Moore, Kaufman and Hays, Circuit Judges. Hays, Circuit Judge (dissenting).
IRVING R. KAUFMAN, Circuit Judge:
In order to convict a defendant for the concealment or transportation of illegally imported narcotics under 21 U.S.C. § 174, the government must prove that he knew the narcotics to be illegally imported. Since this subjective element of knowledge is often difficult to establish by direct evidence, the government generally relies upon the presumption contained in § 174, which provides that unexplained possession of narcotics shall be deemed sufficient evidence of knowledge of illegal importation. In this case we are called upon to resolve several questions concerning the employment of this presumption: whether the prosecution offered evidence of possession sufficient to invoke the presumption, whether the court properly instructed the jury on its consideration of the presumption, and, finally, whether the Constitution prohibits the application of the presumption in cases involving the transportation of heroin.
At approximately 9 o'clock on the evening of February 20, 1967, an unnamed informant employed by the Federal Bureau of Narcotics placed a telephone call to Joseph Pego.*fn1 Clarence Cook, a Special Agent of the Bureau, who had once previously purchased narcotics from Pego, monitored that call. The informant told Pego that Cook wished to purchase an ounce of heroin. Pego replied that he did not have this amount of heroin and would have to get it. He directed Cook and the informant to proceed to the informant's residence where he would telephone them when he had obtained the heroin.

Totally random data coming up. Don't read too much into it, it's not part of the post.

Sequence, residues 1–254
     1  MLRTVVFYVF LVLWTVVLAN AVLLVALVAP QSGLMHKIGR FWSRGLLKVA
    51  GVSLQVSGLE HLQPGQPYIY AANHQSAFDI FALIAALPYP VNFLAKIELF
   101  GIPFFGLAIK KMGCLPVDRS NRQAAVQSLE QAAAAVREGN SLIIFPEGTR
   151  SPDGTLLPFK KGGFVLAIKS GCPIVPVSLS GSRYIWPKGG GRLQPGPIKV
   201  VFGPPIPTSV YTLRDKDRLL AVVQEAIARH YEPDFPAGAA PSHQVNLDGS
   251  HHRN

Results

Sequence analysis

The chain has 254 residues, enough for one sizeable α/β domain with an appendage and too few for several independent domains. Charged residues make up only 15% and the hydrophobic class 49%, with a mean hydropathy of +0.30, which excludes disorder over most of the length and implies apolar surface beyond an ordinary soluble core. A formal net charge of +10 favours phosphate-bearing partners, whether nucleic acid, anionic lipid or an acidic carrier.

Twenty minutes after he received the call, Pego left his residence in the Bronx and proceeded by taxi to the Bat Cave Bar in Manhattan. Pego arrived at the Bat Cave at 9:35, ordered a drink, and then walked to the back of the bar where he talked with a group of customers who were playing pool. At 10:15 appellant Ralph Febre entered the bar and talked briefly with Pego. After five minutes, Febre and Pego left the Bat Cave together and continued their conversation in Febre's car, which was parked in front of the bar. Just before 10:30, Pego returned to the bar alone, then immediately telephoned the informant to tell him that "he had the stuff" and would deliver it to Cook at the corner of 170th Street and Jerome Avenue in half an hour. Pego then returned to the car and drove off with Febre, who dropped him at the corner where the sale was to occur. When Cook arrived, Pego gave him an ounce of heroin and received in return $50 Cook owed for a previous purchase and $1200 of the $1400 price of the ounce.